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Astronaut Momentum

  1. Apr 29, 2009 #1
    1. The problem statement, all variables and given/known data

    An 89 kg astronaut is working on the engines of a spaceship that is drifting through space with a constant velocity. the astronaut turns away to look at the earth and several seconds later is 43.8m behind the ship, at rest to relative to the spaceship. The only way to return to the ship without a thruster is to throw a wrench directly away from the ship. The wrenches mass is .690 kg, and the astronaut throws the wrench with a speed of 21.9 m/s.

    How long does it take the astronaut to return to the ship ?

    2. Relevant equations

    mv1 = mv2

    3. The attempt at a solution

    i tryed (.690)(21.9) = (89)(x) and got the velocity of the astronaut .17 m/s so i multiplied that by the distance 43.8m and got 7.43 s is this correct ??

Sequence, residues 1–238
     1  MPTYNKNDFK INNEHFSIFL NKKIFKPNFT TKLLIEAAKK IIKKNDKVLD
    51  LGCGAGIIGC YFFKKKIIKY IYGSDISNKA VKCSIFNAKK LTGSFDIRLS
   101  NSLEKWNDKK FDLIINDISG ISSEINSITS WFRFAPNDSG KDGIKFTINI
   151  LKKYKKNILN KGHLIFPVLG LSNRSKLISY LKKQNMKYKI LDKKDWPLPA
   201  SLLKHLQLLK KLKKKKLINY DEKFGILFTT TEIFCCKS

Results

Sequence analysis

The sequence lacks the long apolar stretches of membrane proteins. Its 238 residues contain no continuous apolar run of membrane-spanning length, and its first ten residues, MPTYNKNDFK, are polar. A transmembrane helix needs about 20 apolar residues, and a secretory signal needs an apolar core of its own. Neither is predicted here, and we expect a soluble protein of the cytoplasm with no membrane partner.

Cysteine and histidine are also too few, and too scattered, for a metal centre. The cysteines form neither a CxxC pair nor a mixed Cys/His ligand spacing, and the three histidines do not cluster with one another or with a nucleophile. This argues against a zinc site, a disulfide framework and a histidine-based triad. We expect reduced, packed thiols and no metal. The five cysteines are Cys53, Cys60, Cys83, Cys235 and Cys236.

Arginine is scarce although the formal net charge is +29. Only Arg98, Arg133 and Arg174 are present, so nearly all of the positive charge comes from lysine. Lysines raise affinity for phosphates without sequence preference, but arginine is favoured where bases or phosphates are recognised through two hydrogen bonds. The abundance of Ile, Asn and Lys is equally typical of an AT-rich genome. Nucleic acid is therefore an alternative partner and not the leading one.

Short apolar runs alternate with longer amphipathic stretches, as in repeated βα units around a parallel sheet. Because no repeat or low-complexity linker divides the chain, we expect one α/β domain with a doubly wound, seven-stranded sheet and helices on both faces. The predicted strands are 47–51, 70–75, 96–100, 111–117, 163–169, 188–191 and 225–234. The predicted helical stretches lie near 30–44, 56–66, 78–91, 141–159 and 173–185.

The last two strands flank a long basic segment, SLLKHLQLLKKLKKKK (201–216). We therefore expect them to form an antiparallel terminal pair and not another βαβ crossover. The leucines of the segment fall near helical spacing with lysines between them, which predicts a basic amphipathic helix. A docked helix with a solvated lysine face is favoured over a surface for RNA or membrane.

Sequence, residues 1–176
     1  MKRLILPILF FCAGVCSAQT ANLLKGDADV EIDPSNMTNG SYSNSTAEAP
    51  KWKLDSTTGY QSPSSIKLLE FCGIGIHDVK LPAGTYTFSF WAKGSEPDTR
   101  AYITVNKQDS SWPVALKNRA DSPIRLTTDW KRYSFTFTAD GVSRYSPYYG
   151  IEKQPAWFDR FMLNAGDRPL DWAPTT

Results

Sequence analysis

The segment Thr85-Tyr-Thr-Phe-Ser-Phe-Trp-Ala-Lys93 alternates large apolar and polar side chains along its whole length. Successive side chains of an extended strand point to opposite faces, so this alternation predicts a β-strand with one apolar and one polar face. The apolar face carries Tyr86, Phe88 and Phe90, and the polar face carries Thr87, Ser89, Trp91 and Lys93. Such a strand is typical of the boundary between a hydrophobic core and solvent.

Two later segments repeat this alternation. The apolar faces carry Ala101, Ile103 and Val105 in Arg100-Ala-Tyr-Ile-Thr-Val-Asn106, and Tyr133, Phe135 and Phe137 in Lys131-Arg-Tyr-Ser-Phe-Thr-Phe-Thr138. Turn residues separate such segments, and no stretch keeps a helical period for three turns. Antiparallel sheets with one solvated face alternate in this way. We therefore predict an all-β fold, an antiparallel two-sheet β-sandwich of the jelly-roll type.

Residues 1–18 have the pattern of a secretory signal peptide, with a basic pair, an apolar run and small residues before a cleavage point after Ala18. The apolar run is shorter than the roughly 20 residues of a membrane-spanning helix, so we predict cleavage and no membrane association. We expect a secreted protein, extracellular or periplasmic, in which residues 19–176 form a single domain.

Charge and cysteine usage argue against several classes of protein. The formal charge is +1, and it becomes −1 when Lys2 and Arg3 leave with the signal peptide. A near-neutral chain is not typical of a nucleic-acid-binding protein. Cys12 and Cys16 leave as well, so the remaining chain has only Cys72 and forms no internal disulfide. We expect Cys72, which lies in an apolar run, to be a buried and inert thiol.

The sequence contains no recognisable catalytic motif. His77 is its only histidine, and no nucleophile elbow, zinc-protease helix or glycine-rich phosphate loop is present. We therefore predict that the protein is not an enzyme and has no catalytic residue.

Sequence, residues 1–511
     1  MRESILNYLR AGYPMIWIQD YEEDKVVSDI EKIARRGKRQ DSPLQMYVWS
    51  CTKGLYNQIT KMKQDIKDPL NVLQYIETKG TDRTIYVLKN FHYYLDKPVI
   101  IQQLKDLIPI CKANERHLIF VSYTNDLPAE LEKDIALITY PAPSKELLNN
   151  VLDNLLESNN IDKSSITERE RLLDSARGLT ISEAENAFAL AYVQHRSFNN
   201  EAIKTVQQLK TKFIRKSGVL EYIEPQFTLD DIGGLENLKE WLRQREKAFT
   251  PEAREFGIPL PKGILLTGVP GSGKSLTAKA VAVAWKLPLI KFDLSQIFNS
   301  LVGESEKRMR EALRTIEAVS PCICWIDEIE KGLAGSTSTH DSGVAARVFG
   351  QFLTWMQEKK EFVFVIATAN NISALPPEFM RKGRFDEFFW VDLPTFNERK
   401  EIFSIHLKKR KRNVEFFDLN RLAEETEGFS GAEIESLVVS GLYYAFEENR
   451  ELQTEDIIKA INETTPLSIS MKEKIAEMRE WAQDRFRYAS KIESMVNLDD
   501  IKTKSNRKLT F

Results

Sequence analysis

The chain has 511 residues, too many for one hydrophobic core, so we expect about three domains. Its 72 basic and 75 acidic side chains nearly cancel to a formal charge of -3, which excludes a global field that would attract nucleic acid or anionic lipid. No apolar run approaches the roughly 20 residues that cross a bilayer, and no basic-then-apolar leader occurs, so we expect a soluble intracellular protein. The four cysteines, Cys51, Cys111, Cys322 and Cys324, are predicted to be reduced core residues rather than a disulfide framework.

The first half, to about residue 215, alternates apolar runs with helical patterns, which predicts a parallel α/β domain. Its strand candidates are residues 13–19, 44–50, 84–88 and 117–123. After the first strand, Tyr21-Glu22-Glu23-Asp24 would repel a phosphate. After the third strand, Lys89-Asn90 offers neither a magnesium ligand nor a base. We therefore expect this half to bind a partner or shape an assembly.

2. jcsd
  3. Apr 29, 2009 #2
    First part seems good but I think you've got the last part muddled up.

    If the speed of the astronaut's recoil is 0.17m/s then you need to divide the distance by this number to find the time.
    speed = dist/time

    time = dist / speed

    If you reflect on your answer you should see that it isn't reasonable to cover 43m in 7 seconds moving at less than a metre per second.
     
  4. Apr 29, 2009 #3
    of course ! thanks a lot
     
  5. Apr 29, 2009 #4
    time = distance / velocity...

    edit: oh nevermind, a lil' too late
     
    Last edited: Apr 29, 2009
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